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I have the following code in C#:

1)

public class MyBinaryTree<TItem> where TItem : IComparable<TItem>
{ ... };

2)

public class MyBinaryTree<TItem> : IComparable<TItem>
{ ... };

I found this sample at this site, but it is not entirely the way I want.

The first example/code tells us that item (TItem) implements the interface IComparable.

The second example/code tells us that our whole class (MyBinaryTree) implements the interface IComparable.

I do not understand it very well. The first example I've never used and the second I use often (this is a classic example of the interface). Some advice - supplements?

How does it apply in practice?

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1  
Is there is real code question here? –  ja72 Mar 24 '12 at 18:09

2 Answers 2

up vote 5 down vote accepted

The difference is that the second example is interface inheritance. The second is constraints on what the generic type can be.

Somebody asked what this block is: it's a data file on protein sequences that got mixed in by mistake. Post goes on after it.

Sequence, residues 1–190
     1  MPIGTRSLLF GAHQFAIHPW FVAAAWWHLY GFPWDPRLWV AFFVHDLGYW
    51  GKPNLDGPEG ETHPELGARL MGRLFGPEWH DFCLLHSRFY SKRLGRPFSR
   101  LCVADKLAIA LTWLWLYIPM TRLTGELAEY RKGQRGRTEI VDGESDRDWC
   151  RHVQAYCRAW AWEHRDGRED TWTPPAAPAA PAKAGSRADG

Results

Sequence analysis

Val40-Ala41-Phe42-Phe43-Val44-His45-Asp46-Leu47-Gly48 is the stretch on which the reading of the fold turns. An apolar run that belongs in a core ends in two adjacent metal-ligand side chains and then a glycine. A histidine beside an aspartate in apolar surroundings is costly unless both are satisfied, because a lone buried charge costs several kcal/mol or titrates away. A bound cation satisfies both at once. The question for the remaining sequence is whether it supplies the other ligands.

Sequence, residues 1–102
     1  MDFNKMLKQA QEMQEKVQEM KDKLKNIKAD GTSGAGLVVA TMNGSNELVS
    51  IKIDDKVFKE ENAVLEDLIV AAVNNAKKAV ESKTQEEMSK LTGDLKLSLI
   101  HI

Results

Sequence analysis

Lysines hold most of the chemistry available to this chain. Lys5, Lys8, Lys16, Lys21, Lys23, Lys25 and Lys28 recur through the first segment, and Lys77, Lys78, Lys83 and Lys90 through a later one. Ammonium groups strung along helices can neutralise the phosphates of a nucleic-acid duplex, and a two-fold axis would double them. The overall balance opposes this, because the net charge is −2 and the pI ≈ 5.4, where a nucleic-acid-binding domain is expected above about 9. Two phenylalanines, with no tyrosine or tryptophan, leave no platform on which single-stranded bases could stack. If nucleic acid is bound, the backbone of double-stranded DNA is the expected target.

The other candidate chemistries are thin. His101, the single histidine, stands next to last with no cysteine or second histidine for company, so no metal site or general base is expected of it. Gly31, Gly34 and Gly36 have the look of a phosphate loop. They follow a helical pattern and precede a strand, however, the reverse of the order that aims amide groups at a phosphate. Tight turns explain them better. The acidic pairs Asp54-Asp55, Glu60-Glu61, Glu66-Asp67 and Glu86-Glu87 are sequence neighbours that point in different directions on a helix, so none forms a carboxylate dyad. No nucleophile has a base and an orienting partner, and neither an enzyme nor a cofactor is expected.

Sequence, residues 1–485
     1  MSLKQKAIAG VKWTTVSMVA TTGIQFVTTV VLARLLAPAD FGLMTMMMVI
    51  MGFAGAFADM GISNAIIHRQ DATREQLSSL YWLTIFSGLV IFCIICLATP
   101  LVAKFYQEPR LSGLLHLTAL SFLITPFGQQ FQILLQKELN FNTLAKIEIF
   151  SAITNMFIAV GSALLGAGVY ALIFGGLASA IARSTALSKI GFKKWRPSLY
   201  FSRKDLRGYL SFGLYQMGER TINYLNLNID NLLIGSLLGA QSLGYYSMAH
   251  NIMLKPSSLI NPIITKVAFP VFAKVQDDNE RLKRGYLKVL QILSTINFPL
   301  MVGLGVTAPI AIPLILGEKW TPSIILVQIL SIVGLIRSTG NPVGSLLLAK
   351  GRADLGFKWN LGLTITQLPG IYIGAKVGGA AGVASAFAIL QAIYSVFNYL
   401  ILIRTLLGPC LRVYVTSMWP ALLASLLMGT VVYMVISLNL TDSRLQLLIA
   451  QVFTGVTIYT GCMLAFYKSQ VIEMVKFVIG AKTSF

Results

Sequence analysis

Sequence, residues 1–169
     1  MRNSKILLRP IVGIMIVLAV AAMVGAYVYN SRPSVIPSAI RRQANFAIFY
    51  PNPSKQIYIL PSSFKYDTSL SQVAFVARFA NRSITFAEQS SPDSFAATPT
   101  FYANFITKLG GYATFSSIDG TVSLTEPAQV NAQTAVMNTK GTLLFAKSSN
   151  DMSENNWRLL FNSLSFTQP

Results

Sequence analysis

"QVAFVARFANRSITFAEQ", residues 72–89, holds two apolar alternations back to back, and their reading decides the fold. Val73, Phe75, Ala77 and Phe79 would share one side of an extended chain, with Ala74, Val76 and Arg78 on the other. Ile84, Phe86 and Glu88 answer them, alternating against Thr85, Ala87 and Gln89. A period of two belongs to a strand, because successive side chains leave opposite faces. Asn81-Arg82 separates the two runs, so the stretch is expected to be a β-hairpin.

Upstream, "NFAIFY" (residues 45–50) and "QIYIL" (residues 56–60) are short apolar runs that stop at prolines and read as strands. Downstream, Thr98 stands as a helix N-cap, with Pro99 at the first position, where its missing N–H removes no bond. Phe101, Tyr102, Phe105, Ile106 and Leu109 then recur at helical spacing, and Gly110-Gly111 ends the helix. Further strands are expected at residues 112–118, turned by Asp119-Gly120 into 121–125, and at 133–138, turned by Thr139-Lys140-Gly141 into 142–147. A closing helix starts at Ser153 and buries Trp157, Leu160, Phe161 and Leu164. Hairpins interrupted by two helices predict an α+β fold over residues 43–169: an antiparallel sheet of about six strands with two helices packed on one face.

Interface inheritance means that the class that inherits that interface MUST provide implementations (unless it is abstract) of the methods contained within the interface. So, this essentially imposes constraints on the class and how it is built

Constraints on the other hand, impose constraints on the generic type that is used within the class. This allows the implementation to be able to make certain assumptions as to what TItem will be allowed to do within the class.

Examples:

Inheritance

public class IComparableImplemented : IComparable<T>
{
   //MUST implement CompareTo
   public int CompareTo(T other)
   {
       //Compare stuff
   }
}

Type Constraints

public class ClassUsingConstraints<T> where T : IComparable<T>
{
   public static void method(T stuff)
   {
       stuff.CompareTo(stuff);  
   }
}

So, you will notice that inheritance forces the class to implement a method. Whereas type constraints do not force anything on the class implementation. Instead, type constraints force that T must implement IComparable. So, that way you can rely on T having access to the CompareTo method

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The statements aren't really comparable! Pun intended

One as you say is a classic implementation, the other is saying to be a valid entry in the MyBinaryTree collection, the member must implement the interface.

public class MyBinaryTree<TItem> where TItem : IComparable<TItem>

could have easily been

public class MyBinaryTree<TItem> where TItem : int;
{
}

It's only choosing to use IComparable in both statements that is leading to your furrowed brow.

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